These are most of the parts I think (except frame & forks), ready for re-assembly:

I decided to disassemble the (screw-on) freewheel so that I could clean the rear wheel and repack the bearings etc. (no need to remove it from hub). This isn’t advised normally; see the great information source of Sheldon Brown’s website which features this type of freewheel (ca 1980).

The photos below shows the freewheel’s locking plate removed (it’s reverse threaded), also outer bearings and shim/washer removed (left); with the sprocket assembly removed (right). There was some oil in the ratchet & pawl assembly, which was moving freely.

Dis-assembly of Sun Tours Freewheel

On re-assembly I packed grease in the inner and outer bearing races, and added a few drops of medium oil in the ratchet & pawl section; that’s worked for about 40 years. Some instructions on the internet say to put grease on the pawls, even to achieve a certain sound. I thought it more important that the freewheel works reliably, as some grease types can harden in time.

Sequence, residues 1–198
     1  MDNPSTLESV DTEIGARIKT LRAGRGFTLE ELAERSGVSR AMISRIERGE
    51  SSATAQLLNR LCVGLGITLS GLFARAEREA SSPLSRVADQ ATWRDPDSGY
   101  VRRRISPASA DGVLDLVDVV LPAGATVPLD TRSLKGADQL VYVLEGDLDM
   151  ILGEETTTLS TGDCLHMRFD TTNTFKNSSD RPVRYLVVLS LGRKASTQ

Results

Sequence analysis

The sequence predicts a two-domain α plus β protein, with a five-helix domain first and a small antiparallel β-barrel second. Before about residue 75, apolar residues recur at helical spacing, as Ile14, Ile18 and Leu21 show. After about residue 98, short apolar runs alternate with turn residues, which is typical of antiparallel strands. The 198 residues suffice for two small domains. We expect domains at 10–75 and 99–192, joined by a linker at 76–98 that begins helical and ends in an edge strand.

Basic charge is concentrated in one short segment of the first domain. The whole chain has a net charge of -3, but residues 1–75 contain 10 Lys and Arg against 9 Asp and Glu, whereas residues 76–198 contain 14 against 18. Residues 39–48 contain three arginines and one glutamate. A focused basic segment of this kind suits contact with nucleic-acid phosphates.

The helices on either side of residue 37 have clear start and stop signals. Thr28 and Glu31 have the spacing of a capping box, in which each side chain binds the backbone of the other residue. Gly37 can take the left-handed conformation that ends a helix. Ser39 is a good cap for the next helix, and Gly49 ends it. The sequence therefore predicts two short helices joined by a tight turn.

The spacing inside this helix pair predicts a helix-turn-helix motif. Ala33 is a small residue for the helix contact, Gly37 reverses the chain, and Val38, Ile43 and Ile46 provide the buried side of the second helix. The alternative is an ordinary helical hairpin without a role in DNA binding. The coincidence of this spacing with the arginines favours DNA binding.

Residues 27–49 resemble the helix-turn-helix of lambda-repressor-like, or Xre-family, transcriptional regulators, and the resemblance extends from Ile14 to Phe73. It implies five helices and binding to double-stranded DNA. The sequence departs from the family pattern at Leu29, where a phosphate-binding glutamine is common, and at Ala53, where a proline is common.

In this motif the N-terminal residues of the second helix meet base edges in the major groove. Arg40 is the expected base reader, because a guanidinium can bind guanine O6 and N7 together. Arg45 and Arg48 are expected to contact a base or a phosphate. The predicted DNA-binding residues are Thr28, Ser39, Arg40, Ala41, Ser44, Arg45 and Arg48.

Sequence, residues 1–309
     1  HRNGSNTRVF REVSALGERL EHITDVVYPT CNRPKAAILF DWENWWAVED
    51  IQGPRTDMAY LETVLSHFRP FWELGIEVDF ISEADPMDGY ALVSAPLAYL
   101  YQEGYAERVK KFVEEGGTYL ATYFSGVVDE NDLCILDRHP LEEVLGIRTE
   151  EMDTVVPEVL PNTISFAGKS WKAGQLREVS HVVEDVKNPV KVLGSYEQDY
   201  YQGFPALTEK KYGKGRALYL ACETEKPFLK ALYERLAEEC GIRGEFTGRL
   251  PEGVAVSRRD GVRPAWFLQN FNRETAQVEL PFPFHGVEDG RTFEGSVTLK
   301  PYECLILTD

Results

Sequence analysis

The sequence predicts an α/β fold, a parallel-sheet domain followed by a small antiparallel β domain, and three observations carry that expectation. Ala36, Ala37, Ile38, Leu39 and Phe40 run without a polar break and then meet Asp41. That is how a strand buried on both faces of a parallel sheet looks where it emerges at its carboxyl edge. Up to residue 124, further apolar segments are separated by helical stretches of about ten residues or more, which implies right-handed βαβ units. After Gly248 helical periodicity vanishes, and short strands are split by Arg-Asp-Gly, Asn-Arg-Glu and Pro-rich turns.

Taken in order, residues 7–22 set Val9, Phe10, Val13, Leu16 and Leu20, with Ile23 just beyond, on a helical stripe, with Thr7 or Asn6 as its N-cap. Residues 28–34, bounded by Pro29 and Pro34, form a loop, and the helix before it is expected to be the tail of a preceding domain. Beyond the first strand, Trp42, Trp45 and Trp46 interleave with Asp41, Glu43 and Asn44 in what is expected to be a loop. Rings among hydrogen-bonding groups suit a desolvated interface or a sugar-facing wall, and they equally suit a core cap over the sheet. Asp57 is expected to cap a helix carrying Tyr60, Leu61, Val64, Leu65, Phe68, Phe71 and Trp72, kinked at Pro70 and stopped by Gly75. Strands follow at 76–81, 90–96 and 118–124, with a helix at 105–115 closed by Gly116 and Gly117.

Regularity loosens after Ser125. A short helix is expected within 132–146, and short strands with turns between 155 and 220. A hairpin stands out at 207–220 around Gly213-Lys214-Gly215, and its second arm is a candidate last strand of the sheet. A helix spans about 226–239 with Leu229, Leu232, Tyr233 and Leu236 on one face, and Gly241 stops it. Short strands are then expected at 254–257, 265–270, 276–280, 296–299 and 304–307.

Re-assembly of Sun Tours Freewheel

Mega-Range Freewheel

On another (1990s) bike, I wanted to change the 6-speed freewheel to a “mega range” type with a lower bottom gear, but as expected the old freewheel was difficult to remove. I’ve read that some people clamp the release tool in a large vise, use a large spanner, or a smaller spanner with a pipe extension etc.. This was my solution using a tree felling lever extension to an adustable spanner (largest I have) …

Having fitted the new freewheel it took a while to get the gears working again properly, including fitting a slightly thinner chain (7.1mm) and adjusting the deraillieur position. I can’t engage the large (34 toothed) sprocket with the largest chainwheel, not a problem.